“Because, unfortunately, there has been an abundance of families who have come from Israel to seek treatment at the ProCure Proton Therapy Center, we secured an apartment in Highland Park where they can stay for two or three months,” said co-president Nitza Adler of Highland Park. “Because we can house only one family at a time, we try to make arrangements within the Highland Park/Edison community where people open their home to others during their entire stay.”
For those hospitalized over the holidays, Botnick said, volunteers will come to conduct a Passover seder, read the megillah on Purim, or blow the shofar on Rosh HaShanah. Electric menorahs are available for Chanukah.
“We do it for anybody who requests it, regardless of denomination,” Adler said. “We never ask.”
Additionally, Adler said, Bikur Cholim has a group of women prepared to go to a home in case of an emergency. If, for example, a woman goes into labor during the night, Adler said, “We have women who will volunteer to stay with the family until someone else comes to relieve them.”
Bikur Cholim launched approximately 25 years ago “with a small group of women doing different things for a family or two that needed help, and now it’s grown into this tremendous organization,” said Botnick.
While most volunteers are women, Adler said, there are male volunteers who serve as drivers and perform ritual functions.
“People are obviously very grateful,” Adler said. “They’re overwhelmed by the generosity of the community. If they do not have family nearby they are very comforted. One of our slogans is, ‘You are not alone.’”
The Gan Tikvah Community Garden is a project of Temple Beth Ahm and Temple Shalom in Aberdeen and the Matawan United Methodist Church, which joined forces to create a source for fresh produce to be delivered twice a week to the church’s food pantry.
“We grow different kinds of lettuce, eggplants, peppers, cucumbers, herbs, okra,” said Janet Kaplan, the social action chair of Beth Ahm, a Conservative congregation. “The last couple of years, we’ve had a beautiful crop.”
The garden, located at Temple Shalom, was started in 2010 and is cultivated mostly by congregants of the two synagogues with help from church members, members of the Boy Scouts and Girl Scouts, and other volunteers.
Kaplan said gardening begins in the winter with the Soda Bottle Project, through which seeds for lettuce and Swiss chard are planted in empty bottles and kept moist outdoors, so that “come April, we have beautiful little plants to plant.” The supply of vegetables continues into the fall.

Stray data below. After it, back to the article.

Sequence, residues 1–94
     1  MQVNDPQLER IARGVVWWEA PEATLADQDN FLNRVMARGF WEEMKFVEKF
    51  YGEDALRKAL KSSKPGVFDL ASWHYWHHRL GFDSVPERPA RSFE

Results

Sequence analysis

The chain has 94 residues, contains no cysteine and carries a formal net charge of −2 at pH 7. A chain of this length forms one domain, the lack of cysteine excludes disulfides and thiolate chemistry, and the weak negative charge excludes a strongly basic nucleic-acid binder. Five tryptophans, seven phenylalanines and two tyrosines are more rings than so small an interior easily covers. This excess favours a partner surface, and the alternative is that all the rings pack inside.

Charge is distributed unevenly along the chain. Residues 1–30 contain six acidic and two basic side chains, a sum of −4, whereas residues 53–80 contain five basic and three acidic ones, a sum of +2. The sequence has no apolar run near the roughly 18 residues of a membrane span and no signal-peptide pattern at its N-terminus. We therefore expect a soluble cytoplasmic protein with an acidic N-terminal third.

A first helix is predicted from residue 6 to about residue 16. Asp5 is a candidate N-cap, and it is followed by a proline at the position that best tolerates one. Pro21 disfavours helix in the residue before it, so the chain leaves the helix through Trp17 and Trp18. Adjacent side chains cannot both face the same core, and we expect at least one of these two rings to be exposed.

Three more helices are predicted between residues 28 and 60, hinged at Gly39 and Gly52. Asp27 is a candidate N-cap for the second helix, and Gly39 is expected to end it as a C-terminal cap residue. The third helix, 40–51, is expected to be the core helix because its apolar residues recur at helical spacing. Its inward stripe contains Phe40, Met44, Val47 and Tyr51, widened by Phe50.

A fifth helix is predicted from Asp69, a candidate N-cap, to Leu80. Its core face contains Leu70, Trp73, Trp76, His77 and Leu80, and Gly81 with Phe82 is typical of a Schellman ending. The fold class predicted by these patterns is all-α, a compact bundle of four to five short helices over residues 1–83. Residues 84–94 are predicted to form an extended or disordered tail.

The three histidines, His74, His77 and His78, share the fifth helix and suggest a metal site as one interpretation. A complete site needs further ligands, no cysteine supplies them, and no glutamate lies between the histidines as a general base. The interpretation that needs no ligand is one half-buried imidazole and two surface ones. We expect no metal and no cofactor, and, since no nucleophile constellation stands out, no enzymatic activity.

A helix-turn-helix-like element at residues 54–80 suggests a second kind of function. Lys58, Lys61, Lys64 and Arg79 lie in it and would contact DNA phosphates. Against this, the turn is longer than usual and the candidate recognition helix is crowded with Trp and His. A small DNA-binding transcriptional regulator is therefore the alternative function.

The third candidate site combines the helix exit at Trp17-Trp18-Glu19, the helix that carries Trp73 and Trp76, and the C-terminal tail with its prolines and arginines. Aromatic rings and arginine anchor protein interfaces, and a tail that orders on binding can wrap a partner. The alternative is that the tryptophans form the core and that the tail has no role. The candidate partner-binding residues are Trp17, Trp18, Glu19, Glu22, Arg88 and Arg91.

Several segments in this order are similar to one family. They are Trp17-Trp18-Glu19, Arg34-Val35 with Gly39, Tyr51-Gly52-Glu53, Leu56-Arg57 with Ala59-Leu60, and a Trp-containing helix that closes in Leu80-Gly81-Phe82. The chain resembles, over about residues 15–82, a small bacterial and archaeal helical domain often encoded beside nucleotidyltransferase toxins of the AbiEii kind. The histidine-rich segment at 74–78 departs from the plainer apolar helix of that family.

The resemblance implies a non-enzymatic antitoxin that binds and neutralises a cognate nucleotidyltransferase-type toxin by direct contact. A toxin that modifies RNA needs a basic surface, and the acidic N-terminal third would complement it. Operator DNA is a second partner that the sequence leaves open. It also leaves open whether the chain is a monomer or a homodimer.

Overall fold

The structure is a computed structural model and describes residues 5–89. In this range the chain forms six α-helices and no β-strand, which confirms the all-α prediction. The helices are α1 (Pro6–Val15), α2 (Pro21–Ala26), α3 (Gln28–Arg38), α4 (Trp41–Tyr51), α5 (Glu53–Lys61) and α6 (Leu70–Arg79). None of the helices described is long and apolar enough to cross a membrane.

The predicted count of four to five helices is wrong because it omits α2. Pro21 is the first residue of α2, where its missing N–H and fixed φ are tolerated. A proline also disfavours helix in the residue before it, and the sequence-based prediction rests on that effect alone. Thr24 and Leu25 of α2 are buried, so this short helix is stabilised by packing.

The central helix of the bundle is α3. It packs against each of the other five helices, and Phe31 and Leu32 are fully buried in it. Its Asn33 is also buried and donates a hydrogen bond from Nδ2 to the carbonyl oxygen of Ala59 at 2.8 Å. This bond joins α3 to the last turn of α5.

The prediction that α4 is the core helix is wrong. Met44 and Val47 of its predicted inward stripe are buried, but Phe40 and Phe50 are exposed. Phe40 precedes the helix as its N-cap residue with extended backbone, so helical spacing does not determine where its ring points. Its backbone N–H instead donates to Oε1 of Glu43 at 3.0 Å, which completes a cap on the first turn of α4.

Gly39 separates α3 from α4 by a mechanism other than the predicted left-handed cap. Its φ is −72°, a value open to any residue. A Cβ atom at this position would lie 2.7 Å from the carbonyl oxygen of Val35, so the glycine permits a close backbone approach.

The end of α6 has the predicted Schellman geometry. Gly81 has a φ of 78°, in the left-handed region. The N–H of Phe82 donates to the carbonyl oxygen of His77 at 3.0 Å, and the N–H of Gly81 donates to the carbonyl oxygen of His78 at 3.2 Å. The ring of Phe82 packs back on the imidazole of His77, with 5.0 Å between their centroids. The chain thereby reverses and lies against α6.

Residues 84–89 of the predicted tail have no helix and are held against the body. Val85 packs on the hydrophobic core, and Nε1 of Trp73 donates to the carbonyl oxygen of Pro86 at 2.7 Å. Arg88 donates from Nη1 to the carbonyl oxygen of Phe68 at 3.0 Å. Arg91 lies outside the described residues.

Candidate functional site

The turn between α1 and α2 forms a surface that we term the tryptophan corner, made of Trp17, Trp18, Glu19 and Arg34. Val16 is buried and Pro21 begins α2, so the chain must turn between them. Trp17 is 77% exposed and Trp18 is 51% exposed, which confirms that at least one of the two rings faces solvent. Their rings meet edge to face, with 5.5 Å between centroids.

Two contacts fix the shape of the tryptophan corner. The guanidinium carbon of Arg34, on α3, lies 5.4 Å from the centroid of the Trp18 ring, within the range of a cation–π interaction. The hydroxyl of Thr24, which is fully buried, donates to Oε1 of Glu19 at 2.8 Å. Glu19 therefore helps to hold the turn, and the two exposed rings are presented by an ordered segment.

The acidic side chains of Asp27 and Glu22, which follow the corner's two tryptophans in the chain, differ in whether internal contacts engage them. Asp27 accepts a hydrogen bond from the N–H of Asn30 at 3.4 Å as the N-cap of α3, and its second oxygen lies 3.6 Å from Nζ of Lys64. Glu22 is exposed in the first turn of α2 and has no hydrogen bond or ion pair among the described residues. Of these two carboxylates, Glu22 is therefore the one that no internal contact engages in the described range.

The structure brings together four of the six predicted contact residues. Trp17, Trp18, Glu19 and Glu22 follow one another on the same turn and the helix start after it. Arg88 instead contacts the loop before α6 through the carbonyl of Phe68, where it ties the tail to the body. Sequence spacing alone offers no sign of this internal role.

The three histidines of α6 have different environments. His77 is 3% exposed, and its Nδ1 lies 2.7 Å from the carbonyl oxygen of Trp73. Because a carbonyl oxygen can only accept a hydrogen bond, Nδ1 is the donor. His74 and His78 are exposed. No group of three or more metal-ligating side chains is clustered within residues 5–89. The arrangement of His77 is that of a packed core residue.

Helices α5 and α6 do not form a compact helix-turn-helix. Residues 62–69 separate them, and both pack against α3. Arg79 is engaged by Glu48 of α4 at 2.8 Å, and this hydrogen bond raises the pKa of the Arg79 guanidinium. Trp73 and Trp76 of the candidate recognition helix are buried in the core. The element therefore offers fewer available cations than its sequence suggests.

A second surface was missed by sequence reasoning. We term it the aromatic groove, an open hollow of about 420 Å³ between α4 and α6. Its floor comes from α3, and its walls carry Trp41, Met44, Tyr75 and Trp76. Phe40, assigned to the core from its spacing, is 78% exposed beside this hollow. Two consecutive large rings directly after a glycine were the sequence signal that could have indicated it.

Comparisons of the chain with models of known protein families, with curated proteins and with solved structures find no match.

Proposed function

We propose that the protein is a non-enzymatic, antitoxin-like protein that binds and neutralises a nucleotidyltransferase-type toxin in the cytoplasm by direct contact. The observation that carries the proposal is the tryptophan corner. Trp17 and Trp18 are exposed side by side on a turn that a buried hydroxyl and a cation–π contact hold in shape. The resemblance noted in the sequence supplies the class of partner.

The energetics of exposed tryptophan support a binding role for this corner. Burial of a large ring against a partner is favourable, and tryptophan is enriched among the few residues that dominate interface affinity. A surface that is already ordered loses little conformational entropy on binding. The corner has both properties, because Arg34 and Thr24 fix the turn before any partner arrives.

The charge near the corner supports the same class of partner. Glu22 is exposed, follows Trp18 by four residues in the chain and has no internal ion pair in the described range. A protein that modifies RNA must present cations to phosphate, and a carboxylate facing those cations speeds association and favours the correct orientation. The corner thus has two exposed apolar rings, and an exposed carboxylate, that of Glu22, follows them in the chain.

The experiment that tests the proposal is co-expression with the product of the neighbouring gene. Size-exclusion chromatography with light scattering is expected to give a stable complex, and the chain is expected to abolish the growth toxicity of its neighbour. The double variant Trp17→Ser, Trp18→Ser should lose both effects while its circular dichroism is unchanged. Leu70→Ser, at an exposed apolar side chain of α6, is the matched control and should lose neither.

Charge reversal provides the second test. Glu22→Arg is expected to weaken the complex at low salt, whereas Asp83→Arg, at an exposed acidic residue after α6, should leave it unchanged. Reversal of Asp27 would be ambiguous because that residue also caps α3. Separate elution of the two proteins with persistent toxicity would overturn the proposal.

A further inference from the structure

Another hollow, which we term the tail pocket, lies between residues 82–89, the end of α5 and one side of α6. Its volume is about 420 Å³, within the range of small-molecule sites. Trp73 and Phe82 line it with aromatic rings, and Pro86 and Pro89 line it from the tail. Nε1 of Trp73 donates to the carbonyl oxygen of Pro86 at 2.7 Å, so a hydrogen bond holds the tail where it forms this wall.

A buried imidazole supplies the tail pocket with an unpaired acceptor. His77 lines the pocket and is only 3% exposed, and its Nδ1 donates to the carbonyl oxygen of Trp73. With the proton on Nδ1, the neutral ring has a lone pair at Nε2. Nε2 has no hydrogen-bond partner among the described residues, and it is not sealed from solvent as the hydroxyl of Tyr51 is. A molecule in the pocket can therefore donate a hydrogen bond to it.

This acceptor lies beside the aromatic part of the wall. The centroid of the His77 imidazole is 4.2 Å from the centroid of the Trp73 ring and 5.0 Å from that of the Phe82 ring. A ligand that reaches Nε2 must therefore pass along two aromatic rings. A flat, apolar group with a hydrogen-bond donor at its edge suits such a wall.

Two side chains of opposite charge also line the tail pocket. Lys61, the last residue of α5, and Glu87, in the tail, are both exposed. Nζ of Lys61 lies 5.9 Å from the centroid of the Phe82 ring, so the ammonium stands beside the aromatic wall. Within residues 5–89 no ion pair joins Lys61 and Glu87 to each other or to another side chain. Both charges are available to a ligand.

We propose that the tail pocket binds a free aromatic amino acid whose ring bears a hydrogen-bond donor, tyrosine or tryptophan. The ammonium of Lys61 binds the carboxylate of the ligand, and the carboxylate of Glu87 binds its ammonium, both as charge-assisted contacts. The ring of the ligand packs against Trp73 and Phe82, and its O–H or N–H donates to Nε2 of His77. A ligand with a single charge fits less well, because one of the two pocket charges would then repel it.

“We wanted to help feed people, and those who receive our vegetables are very happy because they usually don’t get fresh produce at the food bank,” said Lenore Robinson, who until recently was social action chair at the Reform Temple Shalom.
Kaplan said she was told by the woman who runs the food pantry that some people come specifically for the fresh produce. “They are so grateful for it,” Kaplan said.
Hand in Hand of Chabad of the Shore in Long Branch pairs high school students with youngsters with special needs to form friendships and provide companionship. Rabbi Yaakov Greenberg, Chabad’s campus outreach director, who runs the program, said the young volunteers “go for at least one hour a week and do whatever the child wants.”
The teens come from the surrounding communities, including Little Silver, Fair Haven, and Rumson, and most are public school students. While all the volunteers are Jewish, the young clients are not necessarily. The only requirement is that the child be from Monmouth County.
(Chabad of Western Monmouth County in Manalapan sponsors a similar program, the Friendship Circle of Central Jersey.)
Hand in Hand screens the volunteers and provides them with training. Greenberg said each year one training session features a doctor or teacher or other professional who works with special-needs youngsters. Speech-language therapist Bernadette Mullen, a special education teacher and operator of a practice for youngsters with challenges, serves as an adviser whom the teens can turn to when in need of support.
Many of the volunteers spend four years with a particular child, said Greenberg, and often friendships continue long past that.
“We just had a bar mitzvah for a special-needs child, and nine former teen volunteers came,” said Greenberg. “They had kept in touch for eight years.”
Friendship is something sorely missing in the lives of many special-needs children, said Greenberg. He recalled one mother of a challenged youngster who said she was “literally on the verge” of offering to pay parents to have their child come over to play with hers.
Though most of the young volunteers come in believing they are the ones giving, they learn something different, Greenberg said. “I hear the same line from everyone: ‘I thought I was giving and making a difference, but I gained so much more.’ They learn so much from these special children.”